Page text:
Executive Pay

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Over the years, I've moved from left to right on most issues. But there are still some issues on which I'm with the left. One of them is executive pay. Yesterday the Wall Street Journal reported that, as the subhead put it, "Compensation Rises Again as CEOs Get Lavish Packages for Coming, Going or Staying" (sorry, subscription required). Here's the bottom line:

Total compensation for CEOs at 1,522 big U.S. companies rose a median of 30% last year to $2.4 million, double the 15% increase for 2003, according to researchers at The Corporate Library in Portland, Maine. The figure includes salary, bonus, restricted stock grants, gains from exercising options and payouts from long-term incentive plans.

I think I know all the arguments for high executive pay. CEO compensation is set in the free market, CEO performance can make a huge difference in a company's fortunes, and good performance can greatly benefit shareholders and employees, etc., etc. But I'm afraid there are just too many cases of poorly performing CEOs raking in huge bucks: a $50 million golden parachute for a fired CEO is sickening. And too often CEOs handpick and dominate the directors who determine their compensation. To all appearances, too many CEOs seem to be determining their own pay.

Of course, I'm against any proposals for government to control executive pay. And I'm not at all sure that shareholders can do much about it—or should. But there is one class of people who can: CEOs themselves. And evidently, some of them do. Right next to the article on executive pay is another (subscription required again) headlined "A Few Share the Wealth." Here are the lead paragraphs:

Best Buy Co. Chief Executive Bradbury H. Anderson says he's "not trying to do a great thing," by declining hundreds of thousands of stock options and requesting they be distributed to lower-level workers at the biggest U.S. consumer-electronics retailer. "I'm just trying to do what's appropriate as a leader."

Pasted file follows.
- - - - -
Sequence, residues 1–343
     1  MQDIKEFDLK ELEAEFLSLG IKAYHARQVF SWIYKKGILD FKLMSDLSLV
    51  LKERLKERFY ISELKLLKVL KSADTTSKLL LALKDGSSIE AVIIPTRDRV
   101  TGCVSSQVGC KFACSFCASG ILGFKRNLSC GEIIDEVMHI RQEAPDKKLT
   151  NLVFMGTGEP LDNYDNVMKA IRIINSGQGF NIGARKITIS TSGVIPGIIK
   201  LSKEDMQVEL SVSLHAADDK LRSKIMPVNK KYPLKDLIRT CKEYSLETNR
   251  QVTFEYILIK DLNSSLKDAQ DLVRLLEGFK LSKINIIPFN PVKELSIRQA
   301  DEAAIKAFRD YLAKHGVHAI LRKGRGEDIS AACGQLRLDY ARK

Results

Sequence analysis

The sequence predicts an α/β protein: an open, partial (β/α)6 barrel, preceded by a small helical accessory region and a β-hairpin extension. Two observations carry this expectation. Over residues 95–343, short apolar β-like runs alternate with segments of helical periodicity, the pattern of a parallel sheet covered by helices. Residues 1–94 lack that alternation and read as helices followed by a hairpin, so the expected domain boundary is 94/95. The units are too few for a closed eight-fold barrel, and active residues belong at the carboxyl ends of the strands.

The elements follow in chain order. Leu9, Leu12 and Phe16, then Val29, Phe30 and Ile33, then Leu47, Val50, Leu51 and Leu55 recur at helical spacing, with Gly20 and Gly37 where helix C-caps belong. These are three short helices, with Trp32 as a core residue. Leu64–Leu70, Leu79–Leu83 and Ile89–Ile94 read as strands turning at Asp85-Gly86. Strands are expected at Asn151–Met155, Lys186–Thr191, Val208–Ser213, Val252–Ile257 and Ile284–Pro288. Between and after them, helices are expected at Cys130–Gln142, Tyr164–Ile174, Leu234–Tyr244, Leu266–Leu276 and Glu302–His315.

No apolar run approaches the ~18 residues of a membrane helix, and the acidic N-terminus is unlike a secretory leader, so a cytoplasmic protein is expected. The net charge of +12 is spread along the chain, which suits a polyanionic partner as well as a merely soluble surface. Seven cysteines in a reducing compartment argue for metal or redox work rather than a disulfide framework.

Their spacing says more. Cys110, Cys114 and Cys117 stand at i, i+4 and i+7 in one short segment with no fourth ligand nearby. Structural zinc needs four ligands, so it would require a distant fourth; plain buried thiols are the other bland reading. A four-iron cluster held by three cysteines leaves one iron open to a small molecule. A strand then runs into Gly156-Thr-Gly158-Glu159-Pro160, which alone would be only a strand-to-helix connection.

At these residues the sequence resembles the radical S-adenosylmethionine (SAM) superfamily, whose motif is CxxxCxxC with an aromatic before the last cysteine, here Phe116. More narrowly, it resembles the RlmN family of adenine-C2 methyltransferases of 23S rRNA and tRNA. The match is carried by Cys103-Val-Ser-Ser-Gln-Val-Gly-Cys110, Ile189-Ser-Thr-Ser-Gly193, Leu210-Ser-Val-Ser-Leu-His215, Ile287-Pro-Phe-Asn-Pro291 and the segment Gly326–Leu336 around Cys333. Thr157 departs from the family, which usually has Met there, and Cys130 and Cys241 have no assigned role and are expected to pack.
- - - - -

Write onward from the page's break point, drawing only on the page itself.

Nonetheless, Mr. Anderson's action stands out in a world of ever-rising executive compensation. The 56-year-old CEO, who started as a stereo salesman and rose though the ranks, has declined options each of the past three years. Those 934,000 options have gone into a pool from which roughly 2,400 Best Buy staffers – most of them hourly retail workers – have benefited.

Of course, Mr. Anderson can afford the sacrifice. He was paid about $1.1 million in salary last year, and received a bonus of $1.2 million. He also owns roughly 2.2 million Best Buy shares valued at $110 million.

If you want, you can be cynical about this. Anderson did after all take home $2.3 million last year, and he has huge wealth (though it will be diminished if Best Buy's share price falls). But listen to the testimony of one Best Buy employee:

In October 2004, Sabah Demian, a Best Buy cashier in Lakewood, Calif., learned she was granted 200 options from Mr. Anderson's cache. "Tears were in my eyes," she says. "He recognizes that people are working hard ... and this is not his company. It is our company, and he appreciates the job that we do."

I've shopped at Best Buy and have noticed that its employees—mostly young people—are very knowledgeable and helpful. Now I know one reason why. Good for Bradbury Anderson. Someone should start a movement to encourage other CEOs to follow his example. At least some have: The Journal article cites Circuit City CEO W. Alan McCollough, CDW head John A. Edwardson, and former PepsiCo CEO Roger Enrico (who directed part of his salary into scholarships for children of lower-paid PepsiCo employees). As for me, I'm inclined to go over to Best Buy and buy something.